Easter 2022 was always going to be a landmark moment for the travel industry. For the first time in more than two years, the school holidays have come around with no official COVID restrictions on travel to and from the UK.
While British holidaymakers still face COVID tests and proving their vaccination status before they are allowed into many countries, the message at home is clear – holidays abroad are very much back on. As the first opportunity for families to take advantage of their new-found freedom, bookings over the Easter break have soared.
But things haven’t exactly run smoothly. Having run at a fraction of their capacity for the past two years, airports have struggled to cope with the sudden surge. Having fewer staff than they did pre-pandemic and faced with difficulties tempting workers back into the industry, airports are also having to cope with the extra time it takes to process entry requirements for different countries at departure.
The problems have been so bad at Manchester Airport that holidaymakers have missed their flights while queuing for hours to get through check-in and security.
There’s been a similar story at several UK ports, where the suspension of P&O’s licence over its mass redundancies scandal has left other ferry routes over subscribed and massive tailbacks on approach roads, particularly at Dover.
To add to the sense of chaos engulfing what should have been the great Easter escape, delays processing passport renewals have forced many holidaymakers to cancel breaks because they haven’t received their documents in time.
HM Passport Office says it has been inundated with applications as up to five million people delayed renewing their passports in 2020 and 2020, due to not being able or not wanting to travel abroad. The rush to renew in time for Easter has caught the Passport Office cold, while there have also been reports of long delays caused by the department’s contracted courier, TNT.
So what does all of this mean for travellers who have missed flights or had to cancel holidays because of one delay or another?
Thousands of travellers have also been caught up in flight cancellations by BA and EasyJet, who say they have been hit hard by COVID-related staff absences. But in many ways these holidaymakers are in a better position, as they are entitled by law to a full refund and compensation for the inconvenience.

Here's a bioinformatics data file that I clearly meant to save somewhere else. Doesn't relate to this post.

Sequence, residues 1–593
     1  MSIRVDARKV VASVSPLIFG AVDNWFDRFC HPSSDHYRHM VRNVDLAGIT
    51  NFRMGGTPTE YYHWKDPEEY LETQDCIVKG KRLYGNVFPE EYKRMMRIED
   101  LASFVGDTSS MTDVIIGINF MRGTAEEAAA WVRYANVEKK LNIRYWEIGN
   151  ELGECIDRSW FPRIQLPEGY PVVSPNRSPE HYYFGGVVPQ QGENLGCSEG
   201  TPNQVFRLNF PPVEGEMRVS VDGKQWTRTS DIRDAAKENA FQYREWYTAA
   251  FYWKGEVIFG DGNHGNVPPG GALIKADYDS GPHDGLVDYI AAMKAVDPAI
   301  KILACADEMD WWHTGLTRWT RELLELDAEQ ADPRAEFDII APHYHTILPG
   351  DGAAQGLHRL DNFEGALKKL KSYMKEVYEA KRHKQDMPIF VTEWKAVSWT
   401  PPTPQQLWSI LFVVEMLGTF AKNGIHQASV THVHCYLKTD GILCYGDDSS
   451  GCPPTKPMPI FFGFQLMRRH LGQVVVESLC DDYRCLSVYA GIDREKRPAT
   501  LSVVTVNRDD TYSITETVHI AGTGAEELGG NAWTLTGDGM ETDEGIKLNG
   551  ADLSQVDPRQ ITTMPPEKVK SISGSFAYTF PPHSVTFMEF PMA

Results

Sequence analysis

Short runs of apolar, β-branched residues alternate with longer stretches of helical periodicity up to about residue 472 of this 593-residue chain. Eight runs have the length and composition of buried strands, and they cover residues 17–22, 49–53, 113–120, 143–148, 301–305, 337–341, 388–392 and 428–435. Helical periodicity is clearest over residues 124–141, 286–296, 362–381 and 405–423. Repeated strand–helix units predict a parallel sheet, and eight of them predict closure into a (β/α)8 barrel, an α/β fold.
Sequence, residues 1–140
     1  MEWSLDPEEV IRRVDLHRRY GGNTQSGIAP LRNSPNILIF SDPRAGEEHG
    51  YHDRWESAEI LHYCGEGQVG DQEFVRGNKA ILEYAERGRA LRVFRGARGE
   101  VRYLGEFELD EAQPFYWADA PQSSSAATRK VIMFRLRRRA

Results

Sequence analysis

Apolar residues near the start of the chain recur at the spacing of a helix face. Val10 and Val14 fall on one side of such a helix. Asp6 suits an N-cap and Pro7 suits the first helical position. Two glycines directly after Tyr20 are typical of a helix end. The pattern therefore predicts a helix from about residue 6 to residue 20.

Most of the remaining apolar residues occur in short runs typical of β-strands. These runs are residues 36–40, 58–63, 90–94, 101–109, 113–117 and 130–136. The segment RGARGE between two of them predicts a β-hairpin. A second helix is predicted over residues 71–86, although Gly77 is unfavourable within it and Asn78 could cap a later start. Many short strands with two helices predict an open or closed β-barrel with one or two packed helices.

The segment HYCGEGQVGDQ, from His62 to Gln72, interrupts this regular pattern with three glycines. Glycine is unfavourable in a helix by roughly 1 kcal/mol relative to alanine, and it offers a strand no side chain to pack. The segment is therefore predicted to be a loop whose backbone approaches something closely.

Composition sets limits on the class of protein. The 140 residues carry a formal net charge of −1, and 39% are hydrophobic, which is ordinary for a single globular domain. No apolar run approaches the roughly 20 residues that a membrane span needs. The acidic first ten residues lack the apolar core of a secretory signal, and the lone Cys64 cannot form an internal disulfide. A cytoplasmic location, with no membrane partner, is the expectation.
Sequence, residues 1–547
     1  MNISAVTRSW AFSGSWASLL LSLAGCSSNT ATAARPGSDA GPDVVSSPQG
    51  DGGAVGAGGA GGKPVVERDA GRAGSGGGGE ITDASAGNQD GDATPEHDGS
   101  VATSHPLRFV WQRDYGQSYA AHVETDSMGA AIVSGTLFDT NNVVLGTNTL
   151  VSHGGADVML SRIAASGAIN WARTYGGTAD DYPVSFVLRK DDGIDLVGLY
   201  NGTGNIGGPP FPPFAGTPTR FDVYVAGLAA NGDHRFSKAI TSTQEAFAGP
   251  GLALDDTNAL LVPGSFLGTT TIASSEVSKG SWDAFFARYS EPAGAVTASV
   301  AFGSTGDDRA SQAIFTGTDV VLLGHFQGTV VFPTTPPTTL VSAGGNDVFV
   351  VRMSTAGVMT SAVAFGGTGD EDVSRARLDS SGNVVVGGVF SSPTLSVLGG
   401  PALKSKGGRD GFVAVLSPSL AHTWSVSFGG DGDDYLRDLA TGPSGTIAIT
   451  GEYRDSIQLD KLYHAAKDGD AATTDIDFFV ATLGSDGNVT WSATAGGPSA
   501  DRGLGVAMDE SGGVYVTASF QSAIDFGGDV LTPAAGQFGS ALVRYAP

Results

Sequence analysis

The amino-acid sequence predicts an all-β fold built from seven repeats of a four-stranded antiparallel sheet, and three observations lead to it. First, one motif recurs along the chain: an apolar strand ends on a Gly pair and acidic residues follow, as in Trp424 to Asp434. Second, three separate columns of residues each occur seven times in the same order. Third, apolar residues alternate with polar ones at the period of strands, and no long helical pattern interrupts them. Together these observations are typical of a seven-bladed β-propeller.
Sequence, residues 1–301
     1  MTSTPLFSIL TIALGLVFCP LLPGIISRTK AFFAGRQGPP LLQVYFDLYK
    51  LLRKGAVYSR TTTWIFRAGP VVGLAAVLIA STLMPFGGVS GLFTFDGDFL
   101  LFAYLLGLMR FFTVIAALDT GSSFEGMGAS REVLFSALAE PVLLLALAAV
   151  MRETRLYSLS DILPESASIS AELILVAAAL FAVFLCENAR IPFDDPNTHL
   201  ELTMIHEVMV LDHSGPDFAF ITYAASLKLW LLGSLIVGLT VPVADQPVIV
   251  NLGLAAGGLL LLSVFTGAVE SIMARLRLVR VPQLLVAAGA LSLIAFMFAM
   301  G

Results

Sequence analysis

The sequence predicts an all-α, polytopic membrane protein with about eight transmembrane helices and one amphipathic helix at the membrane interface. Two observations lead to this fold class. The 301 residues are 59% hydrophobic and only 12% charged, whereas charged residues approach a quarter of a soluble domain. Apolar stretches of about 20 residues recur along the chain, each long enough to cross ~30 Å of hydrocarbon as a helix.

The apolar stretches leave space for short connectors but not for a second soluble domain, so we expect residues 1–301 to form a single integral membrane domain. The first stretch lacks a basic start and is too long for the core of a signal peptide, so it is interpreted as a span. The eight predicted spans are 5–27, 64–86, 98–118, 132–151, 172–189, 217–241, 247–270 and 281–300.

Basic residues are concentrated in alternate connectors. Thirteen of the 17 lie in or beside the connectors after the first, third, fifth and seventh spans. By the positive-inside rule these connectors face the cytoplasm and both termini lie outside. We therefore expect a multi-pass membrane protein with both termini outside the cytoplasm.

This doesn’t apply if you miss your flight (or ferry) because of delays on the roads, trains, getting through passport control or even having your passport delivered on time. Consumer protections for holidaymakers don’t extend this far. If you’re stuck in a queue inside the airport, it is treated the same as missing your flight because you are caught up in long road delays. In law, your airline or travel operator bears no responsibility, so they have no obligation to offer a refund or an alternative flight.
The most realistic option for getting your money back is making a claim against your travel insurance. Your policy will need to have a missed departure clause. This is not something most budget policies will include, but is common on more comprehensive insurance.
Even then, though, you will have to check the policy wording carefully. Many missed departure clauses, for example, specify they will pay out if you miss your flight because the vehicle you are travelling in breaks down or has an accident, but not simply because you got stuck in heavy traffic.
The question of whether a policy will pay out because of delays in the airport is a grey area, too. Largely because it is a rare occurrence and hasn’t been tested. Few policies will explicitly state airport delays as a valid reason for missing your departure, anyway.
The same goes for delays receiving your passport. Generally, if you haven’t renewed your passport in time to travel, the fault is laid at your door for not doing it sooner. But in the current unprecedented situation of so many passport applications being held up not just in processing but by delivery too, travel insurance companies are likely to be bracing themselves for a challenge on this.
If you feel the reasons for missing a departure or having to cancel a holiday were through no fault or choice of your own, and you have a policy that offers what you consider a comprehensive level of cover for similar circumstances, you could take your claim to the Financial Ombudsman Service if your insurer refuses to pay out at first.
The FOS has the power to force your insurer to pay out if you can demonstrate you took reasonable steps to avoid delay, like sending your passport renewal months before your planned departure date, or arriving at the airport at the time advised ahead of departure.